Melissa slowly got out of her seat, the panic and fear of the plane's current situation fading slightly. She was still grieving over Steven's death and didn't feel like speaking to the others as she jumped out of the plane to join them.

With everyone out of the hummingbird, Samuel pointed towards the large structure everyone was eyeing. "This way," he said. He dusted off his coat and began to lead the way.

Samuel chose not to admire the black, ornate metal gate that everyone found themselves in front of. The pieces of the gate that had not already fallen in the snow stood tall, each edged at the top and covered with rust. The fence-gate opened with a creak as Samuel shoved it open.

"Trespassing once again," Li commented.

Once they were directly in front of it, everyone had a closer look at the building. Though most of the building was coated in snow, it was not hard to notice its age.

The building was a four-story mansion in complete ruination. It was composed primarily of dark Muné wood, though most of it was now completely stripped or collapsed. Only a few of the massive windows throughout the mansion were completely intact. A large clock, most likely decoration for one of the building's dormer roofs, lay nearby on the ground covered in snow. Great portions of the building's spiked and peaked roofs had long fallen off, allowing snow to pour inside some rooms. The mansion looked unlivable, but it was the group's only option for shelter.

Samuel let out a chuckle. "I'm pretty sure I inherited this place, Li."

"When we first met you at your lab, why did you neglect to mention you owned a mansion?!" Marshall grunted, throwing his arms up in the air.

"Didn't need to."

Samuel approached and stood in front of the building's front doors. He had the key to open them, given to him by his grandmother. Of course, the state of the building made it unnecessary. Samuel slowly pushed open the doors and went inside, the others warily following behind.

Everyone was now inside a very dim and open space. Small rays of sunlight shined through collapsed walls and broken windows, allowing them to make-out the room's features. The most glaring thing about the room were large piles of wood and dust in the corners, remnants of staircases and higher floors. In the room's center was a large dinner table, a broken chandelier laying on it. The group took careful notice of the various holes in the wooden flooring.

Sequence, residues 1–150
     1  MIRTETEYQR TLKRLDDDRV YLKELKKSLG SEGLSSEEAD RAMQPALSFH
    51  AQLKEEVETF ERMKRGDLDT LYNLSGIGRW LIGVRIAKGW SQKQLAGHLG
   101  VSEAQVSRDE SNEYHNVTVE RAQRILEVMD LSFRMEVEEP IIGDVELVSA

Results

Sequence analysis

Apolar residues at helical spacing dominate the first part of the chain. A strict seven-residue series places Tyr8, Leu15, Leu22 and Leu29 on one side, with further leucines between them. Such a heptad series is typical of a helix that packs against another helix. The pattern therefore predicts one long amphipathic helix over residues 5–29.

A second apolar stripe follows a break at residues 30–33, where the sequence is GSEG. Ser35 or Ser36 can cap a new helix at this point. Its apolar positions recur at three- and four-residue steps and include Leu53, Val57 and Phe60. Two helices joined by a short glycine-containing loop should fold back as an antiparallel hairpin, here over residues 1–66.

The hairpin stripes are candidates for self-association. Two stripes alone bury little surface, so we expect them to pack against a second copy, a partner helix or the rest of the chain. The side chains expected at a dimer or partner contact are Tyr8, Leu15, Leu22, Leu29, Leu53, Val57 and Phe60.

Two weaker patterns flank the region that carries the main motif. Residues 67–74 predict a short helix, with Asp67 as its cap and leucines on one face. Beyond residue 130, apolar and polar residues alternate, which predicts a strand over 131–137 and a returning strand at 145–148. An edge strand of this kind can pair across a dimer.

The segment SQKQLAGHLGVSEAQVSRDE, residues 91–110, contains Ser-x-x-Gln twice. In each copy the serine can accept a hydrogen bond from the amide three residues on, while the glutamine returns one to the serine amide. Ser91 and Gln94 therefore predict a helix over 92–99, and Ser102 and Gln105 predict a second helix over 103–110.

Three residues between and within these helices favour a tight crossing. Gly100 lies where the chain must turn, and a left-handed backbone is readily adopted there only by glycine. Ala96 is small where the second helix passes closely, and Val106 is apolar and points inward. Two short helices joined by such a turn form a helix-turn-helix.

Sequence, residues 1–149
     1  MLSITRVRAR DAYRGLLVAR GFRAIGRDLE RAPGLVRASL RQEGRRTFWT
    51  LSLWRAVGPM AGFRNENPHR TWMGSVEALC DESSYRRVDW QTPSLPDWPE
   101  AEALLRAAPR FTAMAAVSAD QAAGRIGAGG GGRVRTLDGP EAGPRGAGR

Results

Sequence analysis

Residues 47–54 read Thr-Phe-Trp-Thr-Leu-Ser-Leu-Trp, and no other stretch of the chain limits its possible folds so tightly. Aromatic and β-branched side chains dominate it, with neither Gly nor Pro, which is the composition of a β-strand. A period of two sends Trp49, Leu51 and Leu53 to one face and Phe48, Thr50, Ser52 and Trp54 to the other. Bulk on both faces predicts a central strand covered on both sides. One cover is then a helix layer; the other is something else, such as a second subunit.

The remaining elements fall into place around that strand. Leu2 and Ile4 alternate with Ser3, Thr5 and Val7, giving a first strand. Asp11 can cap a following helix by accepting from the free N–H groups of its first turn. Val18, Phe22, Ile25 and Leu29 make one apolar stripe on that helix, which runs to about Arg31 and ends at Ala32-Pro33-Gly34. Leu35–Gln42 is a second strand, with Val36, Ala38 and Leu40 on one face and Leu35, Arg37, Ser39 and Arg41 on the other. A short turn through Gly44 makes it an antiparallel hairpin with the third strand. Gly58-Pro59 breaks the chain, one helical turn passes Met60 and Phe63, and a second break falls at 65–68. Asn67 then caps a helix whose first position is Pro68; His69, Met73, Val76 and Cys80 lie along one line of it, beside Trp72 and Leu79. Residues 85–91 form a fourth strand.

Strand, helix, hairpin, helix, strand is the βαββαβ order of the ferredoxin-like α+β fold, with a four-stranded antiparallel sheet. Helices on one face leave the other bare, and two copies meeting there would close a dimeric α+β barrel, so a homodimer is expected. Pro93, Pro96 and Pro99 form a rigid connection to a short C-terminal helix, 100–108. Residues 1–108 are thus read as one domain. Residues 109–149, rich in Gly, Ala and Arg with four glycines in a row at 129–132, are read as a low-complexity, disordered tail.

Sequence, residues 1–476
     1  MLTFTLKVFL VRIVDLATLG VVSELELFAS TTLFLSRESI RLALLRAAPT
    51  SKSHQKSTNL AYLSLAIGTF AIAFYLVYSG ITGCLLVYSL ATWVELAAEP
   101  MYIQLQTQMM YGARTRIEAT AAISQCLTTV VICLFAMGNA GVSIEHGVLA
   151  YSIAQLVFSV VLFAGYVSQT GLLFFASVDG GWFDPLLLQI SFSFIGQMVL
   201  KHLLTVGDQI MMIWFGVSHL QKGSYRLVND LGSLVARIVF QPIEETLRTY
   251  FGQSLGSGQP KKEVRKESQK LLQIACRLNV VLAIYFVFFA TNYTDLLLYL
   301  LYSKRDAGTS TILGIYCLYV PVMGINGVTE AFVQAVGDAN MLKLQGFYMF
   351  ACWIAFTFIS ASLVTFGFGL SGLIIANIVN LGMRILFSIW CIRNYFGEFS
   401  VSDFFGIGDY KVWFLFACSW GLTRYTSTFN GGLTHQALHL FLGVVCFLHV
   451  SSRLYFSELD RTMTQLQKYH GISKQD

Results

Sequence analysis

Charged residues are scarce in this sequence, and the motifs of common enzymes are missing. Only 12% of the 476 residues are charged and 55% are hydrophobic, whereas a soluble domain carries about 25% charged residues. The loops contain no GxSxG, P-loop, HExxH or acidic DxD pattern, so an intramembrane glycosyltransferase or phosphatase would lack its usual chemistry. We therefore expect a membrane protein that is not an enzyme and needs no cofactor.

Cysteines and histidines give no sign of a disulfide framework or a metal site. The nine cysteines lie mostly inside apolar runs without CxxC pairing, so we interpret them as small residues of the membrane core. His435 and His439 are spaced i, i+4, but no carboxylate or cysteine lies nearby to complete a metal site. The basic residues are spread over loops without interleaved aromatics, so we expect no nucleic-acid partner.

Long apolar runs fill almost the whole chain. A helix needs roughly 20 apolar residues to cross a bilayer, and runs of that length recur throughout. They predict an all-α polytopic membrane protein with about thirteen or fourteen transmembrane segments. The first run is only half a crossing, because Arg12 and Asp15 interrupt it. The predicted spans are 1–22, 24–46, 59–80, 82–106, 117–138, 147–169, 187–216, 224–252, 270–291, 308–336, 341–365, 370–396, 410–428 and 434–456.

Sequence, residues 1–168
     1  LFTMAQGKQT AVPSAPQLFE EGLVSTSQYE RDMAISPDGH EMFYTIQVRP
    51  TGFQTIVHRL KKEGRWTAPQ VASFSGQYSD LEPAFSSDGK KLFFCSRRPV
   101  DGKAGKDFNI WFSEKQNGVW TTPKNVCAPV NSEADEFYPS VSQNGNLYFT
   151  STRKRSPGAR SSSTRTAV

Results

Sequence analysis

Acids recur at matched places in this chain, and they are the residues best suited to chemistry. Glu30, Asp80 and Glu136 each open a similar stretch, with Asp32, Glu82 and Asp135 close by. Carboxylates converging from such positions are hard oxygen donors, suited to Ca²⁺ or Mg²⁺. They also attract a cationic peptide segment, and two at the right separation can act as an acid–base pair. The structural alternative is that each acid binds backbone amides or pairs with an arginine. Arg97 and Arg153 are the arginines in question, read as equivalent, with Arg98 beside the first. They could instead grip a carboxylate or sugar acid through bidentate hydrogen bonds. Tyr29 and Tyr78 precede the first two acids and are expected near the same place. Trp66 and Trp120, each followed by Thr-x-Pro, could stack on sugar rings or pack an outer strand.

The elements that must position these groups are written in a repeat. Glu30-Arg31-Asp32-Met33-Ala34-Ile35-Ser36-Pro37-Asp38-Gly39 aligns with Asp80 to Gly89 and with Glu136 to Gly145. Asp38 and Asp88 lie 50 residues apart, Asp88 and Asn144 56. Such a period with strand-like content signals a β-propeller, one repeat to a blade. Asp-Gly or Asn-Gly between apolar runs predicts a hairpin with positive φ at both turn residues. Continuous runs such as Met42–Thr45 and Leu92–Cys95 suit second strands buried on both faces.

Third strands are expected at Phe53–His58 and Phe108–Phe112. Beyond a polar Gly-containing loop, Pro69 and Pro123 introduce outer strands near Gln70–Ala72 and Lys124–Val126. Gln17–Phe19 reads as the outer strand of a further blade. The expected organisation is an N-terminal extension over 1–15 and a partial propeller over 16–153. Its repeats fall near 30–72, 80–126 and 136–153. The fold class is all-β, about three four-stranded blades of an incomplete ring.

"What are we doing here?" Blossom asked, looking around the place. "It's kinda... broken down."

"Don't be ridiculous, Blossom," Chris said nervously. "This is a very nice place! I'm sure we'll have great places to sleep here..."

"Nice, old place you have here, Samuel," Li commended. He poked at a lantern hanging on a hook. "Rustic."

"Nice?" Samuel asked. "Most you'll find here is a warm room. We're gonna be sleeping on the cold, hard floor tonight."

"How many rooms are there here?" Atticus asked, stepping towards the table.

"I'd tell you more than sixty, but with how old this place is, I expect only ten or so rooms are still standing. But anyway, night's upon us. Why don't you all get some rest?" Samuel added.

"I agree. Muné is filled with all sorts of strange things. I'll go sleep in the Hummingbird for the night," Li said, leaving and shutting the door behind him, Marshall running after him.

Looking at the crumbling staircases, Atticus decided to brave them and slowly walked up them. "Night, guys. See you all in the morning, I guess."

In the near distance, the wailing of nocturnal wildlife could be heard. Li and Marshall walked along a dirt path, which had likely seen little use in years. Vines and shrubs had found their way overgrowing and overhanging. Finding themselves by the wreckage, the two surveyed the area for anything they could possibly salvage.

Marshall climbed up the side of the Hummingbird, peeking around inside. The boy looked inside some compartments within the aircraft. "Found those extra fuel cells," he scoffed, shoving them in his back pocket. "These must be worth something. I'll hold onto these."

He hopped out of the aircraft. "Not much in there that's saveable. Let's see if we can take one of these guns."

Li took off his driving cap and scratched his thinning hair in the chilly air. As he watched as Marshall searched around the scraps, Li held his 'new' satchel at his side. From it he pulled out a canteen.

The boy stopped and looked at the older man.

"My mom was at Remnant Rock."

"Was she?" Li inquired. "Your mother was an employee?"

"She was a prisoner. Incarcerated, Palvatos 14th, 310. Plotted to assassinate one of the higher-ups while she was an employee there, or something. They wouldn't tell me. I heard about it a week later from my dad. Life sentence. Phsss," he grunted. "Now she's dead because of them. Or because of me."

A grim look fell upon Li's face. "Please, have faith, Marshall. I am sure she is a smart woman. They would not hire someone who isn't. Perhaps she escaped."